Upakantha, Upakaṇṭha: 7 definitions
Upakantha means something in Hinduism, Sanskrit, Buddhism, Pali, Marathi. If you want to know the exact meaning, history, etymology or English translation of this term then check out the descriptions on this page. Add your comment or reference to a book if you want to contribute to this summary article.
Languages of India and abroad
Pali-English dictionarySource: Sutta: The Pali Text Society's Pali-English Dictionary
Upakaṇṭha, at Dāvs. V, 41 is to be corrected to upakaṭṭha. (Page 138)
Pali is the language of the Tipiṭaka, which is the sacred canon of Theravāda Buddhism and contains much of the Buddha’s speech. Closeley related to Sanskrit, both languages are used interchangeably between religions.
Marathi-English dictionarySource: DDSA: The Molesworth Marathi and English Dictionary
upakaṇṭha (उपकंठ).—ad S Up to the throat--eating, life rising. 2 prep Near.
Marathi is an Indo-European language having over 70 million native speakers people in (predominantly) Maharashtra India. Marathi, like many other Indo-Aryan languages, evolved from early forms of Prakrit, which itself is a subset of Sanskrit, one of the most ancient languages of the world.
Sanskrit-English dictionarySource: DDSA: The practical Sanskrit-English dictionary
Upakaṇṭha (उपकण्ठ).—a. Near, proximate.
-ṇṭhaḥ; -ṇṭham 1 Proximity, vicinity, neighbourhood; प्राप तालीवनश्याममुपकण्ठं महोदधेः (prāpa tālīvanaśyāmamupakaṇṭhaṃ mahodadheḥ) R.4.34;13.48; Ku.7.51; Māl.9.2; आकृष्य चापं श्रवणोपकण्ठे (ākṛṣya cāpaṃ śravaṇopakaṇṭhe) Ś.3.5. to the very ear. तस्योपकण्ठे घननीलकण्ठः (tasyopakaṇṭhe ghananīlakaṇṭhaḥ) Ku.
2) Space near a village or its boundary.
3) One of a horse's paces. -ind.
1) Upon the neck, near the throat; प्रेम्णोपकण्ठं मुहुरङ्कभाजः (premṇopakaṇṭhaṃ muhuraṅkabhājaḥ) Śi.3.36.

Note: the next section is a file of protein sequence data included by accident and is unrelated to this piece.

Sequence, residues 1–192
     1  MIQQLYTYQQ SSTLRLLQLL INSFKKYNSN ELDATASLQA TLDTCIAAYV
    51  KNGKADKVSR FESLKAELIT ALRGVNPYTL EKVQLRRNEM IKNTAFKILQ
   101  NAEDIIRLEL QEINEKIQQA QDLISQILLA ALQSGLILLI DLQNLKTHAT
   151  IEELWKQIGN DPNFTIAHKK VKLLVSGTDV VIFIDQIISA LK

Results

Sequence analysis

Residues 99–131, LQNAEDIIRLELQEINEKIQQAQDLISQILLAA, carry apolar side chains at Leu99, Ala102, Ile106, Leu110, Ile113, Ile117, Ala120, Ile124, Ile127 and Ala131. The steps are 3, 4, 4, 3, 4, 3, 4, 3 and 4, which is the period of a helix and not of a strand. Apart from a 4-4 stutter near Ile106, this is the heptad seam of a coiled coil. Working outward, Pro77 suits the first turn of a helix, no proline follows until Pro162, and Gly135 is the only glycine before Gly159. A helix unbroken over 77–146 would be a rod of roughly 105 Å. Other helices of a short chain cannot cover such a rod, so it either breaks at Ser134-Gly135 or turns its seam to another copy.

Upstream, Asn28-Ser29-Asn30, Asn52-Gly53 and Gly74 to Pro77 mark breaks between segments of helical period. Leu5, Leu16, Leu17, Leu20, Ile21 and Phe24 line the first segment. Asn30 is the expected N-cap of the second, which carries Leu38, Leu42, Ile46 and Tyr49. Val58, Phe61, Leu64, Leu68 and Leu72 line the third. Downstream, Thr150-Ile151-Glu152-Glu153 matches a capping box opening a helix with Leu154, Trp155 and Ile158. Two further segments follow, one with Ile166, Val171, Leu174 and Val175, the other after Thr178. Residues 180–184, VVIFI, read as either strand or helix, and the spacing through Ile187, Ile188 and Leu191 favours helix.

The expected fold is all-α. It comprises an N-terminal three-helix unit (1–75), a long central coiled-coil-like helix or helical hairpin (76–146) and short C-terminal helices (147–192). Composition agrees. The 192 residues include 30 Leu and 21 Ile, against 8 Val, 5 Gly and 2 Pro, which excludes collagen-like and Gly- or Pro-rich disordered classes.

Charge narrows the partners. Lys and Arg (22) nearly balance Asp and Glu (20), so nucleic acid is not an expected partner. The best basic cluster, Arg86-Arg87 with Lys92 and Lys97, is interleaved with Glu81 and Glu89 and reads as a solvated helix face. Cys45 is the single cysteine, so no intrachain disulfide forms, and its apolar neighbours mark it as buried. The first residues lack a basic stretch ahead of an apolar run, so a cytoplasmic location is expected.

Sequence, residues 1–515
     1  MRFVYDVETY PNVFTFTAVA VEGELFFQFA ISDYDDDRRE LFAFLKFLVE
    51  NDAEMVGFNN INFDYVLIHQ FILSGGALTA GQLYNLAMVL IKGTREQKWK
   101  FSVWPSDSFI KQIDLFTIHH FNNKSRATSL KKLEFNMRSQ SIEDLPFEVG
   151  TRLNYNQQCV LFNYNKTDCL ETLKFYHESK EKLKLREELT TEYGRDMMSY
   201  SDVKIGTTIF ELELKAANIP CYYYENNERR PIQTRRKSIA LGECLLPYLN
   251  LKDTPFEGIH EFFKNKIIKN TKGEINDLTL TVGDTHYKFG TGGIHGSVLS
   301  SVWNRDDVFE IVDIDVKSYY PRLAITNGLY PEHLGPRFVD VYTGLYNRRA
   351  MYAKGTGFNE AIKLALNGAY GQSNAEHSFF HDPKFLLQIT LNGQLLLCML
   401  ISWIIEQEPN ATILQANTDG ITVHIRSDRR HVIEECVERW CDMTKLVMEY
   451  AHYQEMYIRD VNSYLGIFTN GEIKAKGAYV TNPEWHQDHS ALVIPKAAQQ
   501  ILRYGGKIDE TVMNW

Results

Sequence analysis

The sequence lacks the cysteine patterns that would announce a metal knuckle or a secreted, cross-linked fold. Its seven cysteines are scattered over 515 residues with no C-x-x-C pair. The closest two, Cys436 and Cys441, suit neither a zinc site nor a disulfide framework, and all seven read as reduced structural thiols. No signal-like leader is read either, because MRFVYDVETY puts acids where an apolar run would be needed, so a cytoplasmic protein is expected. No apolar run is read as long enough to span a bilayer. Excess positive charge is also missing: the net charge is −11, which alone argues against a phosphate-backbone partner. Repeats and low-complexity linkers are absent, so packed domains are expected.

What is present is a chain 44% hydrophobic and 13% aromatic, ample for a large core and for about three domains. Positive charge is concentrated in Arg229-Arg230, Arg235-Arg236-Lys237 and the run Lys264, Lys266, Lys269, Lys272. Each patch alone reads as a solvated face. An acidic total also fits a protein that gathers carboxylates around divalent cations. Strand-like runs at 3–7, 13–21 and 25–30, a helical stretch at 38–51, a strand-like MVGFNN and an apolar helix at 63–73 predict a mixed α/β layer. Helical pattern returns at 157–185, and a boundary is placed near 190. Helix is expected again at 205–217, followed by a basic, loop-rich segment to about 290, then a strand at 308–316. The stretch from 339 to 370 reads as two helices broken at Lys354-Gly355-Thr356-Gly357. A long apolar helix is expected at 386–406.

2) In the vicinity of, near.Source: Cologne Digital Sanskrit Dictionaries: Shabda-Sagara Sanskrit-English Dictionary
(-ṇṭhaḥ-ṇṭhā-ṇṭhaṃ) Near, proximate. n.
(-ṇṭhaṃ) 1. Space near a village or its boundary. 2. One of a horse’s paces, his walk. ind.
(-ṇṭhaṃ) Upon the neck, near the throat. E. upa near, kaṇṭha the neck.Source: Cologne Digital Sanskrit Dictionaries: Monier-Williams Sanskrit-English Dictionary
1) Upakaṇṭha (उपकण्ठ):—[=upa-kaṇṭha] mfn. being upon the neck or near the throat
2) [v.s. ...] being in the proximity of, proximate, near, [Kumāra-sambhava; Pañcatantra; Raghuvaṃśa]
3) [v.s. ...] n. proximity, neighbourhood, contiguous space, [Kathāsaritsāgara; Rājataraṅgiṇī] etc.
4) [v.s. ...] space near a village or its boundary, [cf. Lexicographers, esp. such as amarasiṃha, halāyudha, hemacandra, etc.]
5) [v.s. ...] a horse’s gallop, [cf. Lexicographers, esp. such as amarasiṃha, halāyudha, hemacandra, etc.]
Sanskrit, also spelled संस्कृतम् (saṃskṛtam), is an ancient language of India commonly seen as the grandmother of the Indo-European language family. Closely allied with Prakrit and Pali, Sanskrit is more exhaustive in both grammar and terms and has the most extensive collection of literature in the world, greatly surpassing its sister-languages Greek and Latin.
See also (Relevant definitions)
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